The challenge this concept raises is how we actually evaluate any companies on this cultural metric of putting the patient first. Take as an example the companies Jain mentioned in the article: Aledade, Iora, Landmark, Oak Street, and VillageMD. Unless you have insider knowledge of any of these companies, how do you actually know if their culture is aligned to succeed in value-based care as Jain suggests? Good luck differentiating any of them on quality data they are sharing - everyone reports the same massive reductions in ER visits and inpatient admits versus Medicare FFS benchmarks.

In some ways, the value-based care space seems like a popularity contest in this regard. If a company’s leadership team has a lot of friends who are venture capitalists, regulators, and payor executives, that company is probably viewed as doing “good” in terms of putting the patient first. These are the companies we hear about at conferences and are lauded publicly in the echo chamber we all operate in. But can we objectively say that one company has the right culture, or doing “good”, while another doesn’t? I don’t think so. That's not to question whether many of them are doing good work, it's just to say that the only way we actually know that they're doing good work is by knowing the people who work for those companies.

Here’s a thought experiment: lets say a large payor acquires a leading value-based primary care org. That payor is widely thought to be putting profits over patients. The value-based primary care org is led by well-known, mission-driven leaders who have always been known for putting patients first. How do we, as outsiders, know whether or not that value-based primary care company is continuing to put patients first under its new profit-minded bosses?

To really understand that, it’s not going to be enough to know how their ED visits per 1000 members metric is trending over time. Still beating Medicare FFS benchmarks? K that's great. We’d need to get into the weeds of their organizational design, pre- and post- acquisition. What parts of org culture were key to success? Did they properly utilize team-based care? Were there team huddles every day? Were physician voices on the leadership team? What did incentive structure look like for clinical roles? What kind of talent was being hired for various roles? How did the tech infrastructure integrate into workflow?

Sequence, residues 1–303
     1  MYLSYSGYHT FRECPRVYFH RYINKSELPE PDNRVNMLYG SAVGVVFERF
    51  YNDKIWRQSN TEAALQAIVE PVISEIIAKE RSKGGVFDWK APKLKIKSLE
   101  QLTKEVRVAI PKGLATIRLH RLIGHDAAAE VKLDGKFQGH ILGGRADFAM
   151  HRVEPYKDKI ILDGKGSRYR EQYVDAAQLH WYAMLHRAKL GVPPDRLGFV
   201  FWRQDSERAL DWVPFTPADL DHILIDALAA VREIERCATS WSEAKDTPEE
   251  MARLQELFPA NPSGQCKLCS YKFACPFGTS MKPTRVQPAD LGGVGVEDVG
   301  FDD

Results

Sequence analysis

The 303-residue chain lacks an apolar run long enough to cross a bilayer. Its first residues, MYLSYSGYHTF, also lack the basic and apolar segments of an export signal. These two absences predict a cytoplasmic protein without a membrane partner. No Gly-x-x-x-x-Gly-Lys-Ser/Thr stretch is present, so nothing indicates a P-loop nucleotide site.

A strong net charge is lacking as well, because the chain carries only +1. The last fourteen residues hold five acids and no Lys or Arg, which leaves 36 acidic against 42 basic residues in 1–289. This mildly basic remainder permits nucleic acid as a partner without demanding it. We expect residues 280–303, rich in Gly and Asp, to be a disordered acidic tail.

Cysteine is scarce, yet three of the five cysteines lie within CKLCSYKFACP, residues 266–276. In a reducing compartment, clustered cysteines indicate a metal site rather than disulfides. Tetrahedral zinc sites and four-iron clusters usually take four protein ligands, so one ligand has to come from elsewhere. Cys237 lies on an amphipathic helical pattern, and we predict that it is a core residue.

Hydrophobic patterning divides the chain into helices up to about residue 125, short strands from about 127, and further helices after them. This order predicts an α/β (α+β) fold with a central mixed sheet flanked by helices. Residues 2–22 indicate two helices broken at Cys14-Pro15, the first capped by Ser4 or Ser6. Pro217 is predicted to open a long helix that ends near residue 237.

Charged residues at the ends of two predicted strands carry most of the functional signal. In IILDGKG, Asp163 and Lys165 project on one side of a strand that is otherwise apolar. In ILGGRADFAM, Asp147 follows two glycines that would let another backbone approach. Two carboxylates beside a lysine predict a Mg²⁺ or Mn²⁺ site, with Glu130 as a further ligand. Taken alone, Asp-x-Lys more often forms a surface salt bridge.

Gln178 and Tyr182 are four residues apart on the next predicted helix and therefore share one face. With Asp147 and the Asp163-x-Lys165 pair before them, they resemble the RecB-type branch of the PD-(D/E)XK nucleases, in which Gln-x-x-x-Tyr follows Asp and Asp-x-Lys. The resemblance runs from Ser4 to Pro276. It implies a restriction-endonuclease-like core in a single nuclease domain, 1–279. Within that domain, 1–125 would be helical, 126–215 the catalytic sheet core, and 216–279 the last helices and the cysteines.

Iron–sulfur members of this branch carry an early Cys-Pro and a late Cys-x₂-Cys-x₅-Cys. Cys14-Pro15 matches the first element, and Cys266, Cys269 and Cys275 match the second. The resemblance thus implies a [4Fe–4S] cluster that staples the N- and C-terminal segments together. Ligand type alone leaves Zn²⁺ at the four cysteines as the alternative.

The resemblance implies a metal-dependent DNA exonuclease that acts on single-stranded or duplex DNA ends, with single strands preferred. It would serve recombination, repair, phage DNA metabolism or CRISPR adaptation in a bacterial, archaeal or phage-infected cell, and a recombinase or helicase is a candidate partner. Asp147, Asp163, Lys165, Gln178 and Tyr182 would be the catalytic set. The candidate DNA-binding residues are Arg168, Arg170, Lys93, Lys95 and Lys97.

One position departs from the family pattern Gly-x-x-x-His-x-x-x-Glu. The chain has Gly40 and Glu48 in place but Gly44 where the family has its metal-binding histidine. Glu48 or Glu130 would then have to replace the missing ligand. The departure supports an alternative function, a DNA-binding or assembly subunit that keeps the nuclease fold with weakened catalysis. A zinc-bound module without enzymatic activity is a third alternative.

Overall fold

Without getting into these sorts of details, I’m not sure how you actually understand whether an organization is actually consistently putting patients first. It’s a really hard thing to evaluate, made even more problematic by the fact that it changes over time. If we’re uncomfortable with the state of value-based care now, just wait until all our favorite VC backed startups are acquired by public companies looking to manage quarterly profits. Many of those care models are consistently generating massive losses that are only justifiable because they’re funded by VC investment to subsidize those losses in order to generate an exit. Once that exit happens, and companies inevitably seek to move towards profitability, then what?

Including the patient perspective: